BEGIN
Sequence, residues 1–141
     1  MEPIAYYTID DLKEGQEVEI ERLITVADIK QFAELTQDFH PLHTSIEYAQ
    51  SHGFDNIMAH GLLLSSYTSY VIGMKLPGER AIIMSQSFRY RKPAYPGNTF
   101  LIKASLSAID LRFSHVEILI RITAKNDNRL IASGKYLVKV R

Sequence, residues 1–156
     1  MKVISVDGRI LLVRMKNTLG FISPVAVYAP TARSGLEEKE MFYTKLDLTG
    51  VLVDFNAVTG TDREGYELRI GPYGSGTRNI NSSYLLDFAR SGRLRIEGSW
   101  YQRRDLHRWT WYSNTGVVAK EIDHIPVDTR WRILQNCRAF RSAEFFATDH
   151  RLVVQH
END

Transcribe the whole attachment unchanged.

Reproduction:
Sequence, residues 1–141
     1  MEPIAYYTID DLKEGQEVEI ERLITVADIK QFAELTQDFH PLHTSIEYAQ
    51  SHGFDNIMAH GLLLSSYTSY VIGMKLPGER AIIMSQSFRY RKPAYPGNTF
   101  LIKASLSAID LRFSHVEILI RITAKNDNRL IASGKYLVKV R

Sequence, residues 1–156
     1  MKVISVDGRI LLVRMKNTLG FISPVAVYAP TARSGLEEKE MFYTKLDLTG
    51  VLVDFNAVTG TDREGYELRI GPYGSGTRNI NSSYLLDFAR SGRLRIEGSW
   101  YQRRDLHRWT WYSNTGVVAK EIDHIPVDTR WRILQNCRAF RSAEFFATDH
   151  RLVVQH